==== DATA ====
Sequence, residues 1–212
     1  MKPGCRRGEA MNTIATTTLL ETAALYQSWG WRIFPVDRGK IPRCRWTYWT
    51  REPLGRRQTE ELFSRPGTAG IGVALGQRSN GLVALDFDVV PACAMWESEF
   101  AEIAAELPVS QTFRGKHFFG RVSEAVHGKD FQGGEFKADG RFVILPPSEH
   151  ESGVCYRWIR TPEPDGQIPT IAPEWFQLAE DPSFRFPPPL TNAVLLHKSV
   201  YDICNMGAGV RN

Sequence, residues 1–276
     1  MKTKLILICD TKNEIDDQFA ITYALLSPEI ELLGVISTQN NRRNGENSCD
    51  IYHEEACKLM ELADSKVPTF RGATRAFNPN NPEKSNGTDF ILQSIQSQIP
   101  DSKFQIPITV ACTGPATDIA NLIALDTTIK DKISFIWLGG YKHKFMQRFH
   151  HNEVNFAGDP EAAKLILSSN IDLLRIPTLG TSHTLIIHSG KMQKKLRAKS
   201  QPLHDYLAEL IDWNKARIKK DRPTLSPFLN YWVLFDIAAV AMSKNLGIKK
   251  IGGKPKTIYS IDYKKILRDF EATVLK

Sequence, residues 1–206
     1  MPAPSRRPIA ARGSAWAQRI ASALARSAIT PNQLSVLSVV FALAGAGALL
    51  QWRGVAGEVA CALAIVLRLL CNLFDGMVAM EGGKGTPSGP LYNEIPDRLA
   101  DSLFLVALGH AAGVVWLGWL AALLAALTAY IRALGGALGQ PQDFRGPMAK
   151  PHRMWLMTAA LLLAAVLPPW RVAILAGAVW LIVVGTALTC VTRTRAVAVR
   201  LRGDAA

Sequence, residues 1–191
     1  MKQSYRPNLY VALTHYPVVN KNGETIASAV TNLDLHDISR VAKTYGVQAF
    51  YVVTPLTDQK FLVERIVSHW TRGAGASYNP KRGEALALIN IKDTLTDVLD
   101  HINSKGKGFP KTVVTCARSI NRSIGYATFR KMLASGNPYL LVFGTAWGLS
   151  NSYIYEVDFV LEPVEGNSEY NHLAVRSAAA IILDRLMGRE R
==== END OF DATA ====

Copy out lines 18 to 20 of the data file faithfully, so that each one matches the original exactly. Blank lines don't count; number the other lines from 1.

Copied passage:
   151  PHRMWLMTAA LLLAAVLPPW RVAILAGAVW LIVVGTALTC VTRTRAVAVR
   201  LRGDAA

Sequence, residues 1–191